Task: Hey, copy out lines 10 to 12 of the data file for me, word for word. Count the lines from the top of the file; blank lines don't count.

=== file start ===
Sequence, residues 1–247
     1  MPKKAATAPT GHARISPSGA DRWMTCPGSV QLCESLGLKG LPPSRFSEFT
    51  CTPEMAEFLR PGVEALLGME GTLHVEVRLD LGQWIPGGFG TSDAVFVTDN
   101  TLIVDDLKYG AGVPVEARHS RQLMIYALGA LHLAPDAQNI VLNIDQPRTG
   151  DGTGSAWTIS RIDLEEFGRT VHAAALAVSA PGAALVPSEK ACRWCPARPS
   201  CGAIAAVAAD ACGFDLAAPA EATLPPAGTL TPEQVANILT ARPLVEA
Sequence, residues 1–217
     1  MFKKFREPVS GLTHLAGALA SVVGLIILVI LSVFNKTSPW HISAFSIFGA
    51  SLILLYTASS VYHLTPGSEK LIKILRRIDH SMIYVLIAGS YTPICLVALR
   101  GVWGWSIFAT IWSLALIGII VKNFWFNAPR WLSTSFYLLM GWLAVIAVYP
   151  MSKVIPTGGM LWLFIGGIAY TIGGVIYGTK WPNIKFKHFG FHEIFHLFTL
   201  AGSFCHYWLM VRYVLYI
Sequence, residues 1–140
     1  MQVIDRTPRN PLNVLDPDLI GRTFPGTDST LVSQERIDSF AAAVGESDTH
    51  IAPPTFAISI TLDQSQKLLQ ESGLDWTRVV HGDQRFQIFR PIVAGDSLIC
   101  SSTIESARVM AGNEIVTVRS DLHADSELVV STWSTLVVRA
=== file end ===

   101  GVWGWSIFAT IWSLALIGII VKNFWFNAPR WLSTSFYLLM GWLAVIAVYP
   151  MSKVIPTGGM LWLFIGGIAY TIGGVIYGTK WPNIKFKHFG FHEIFHLFTL
   201  AGSFCHYWLM VRYVLYI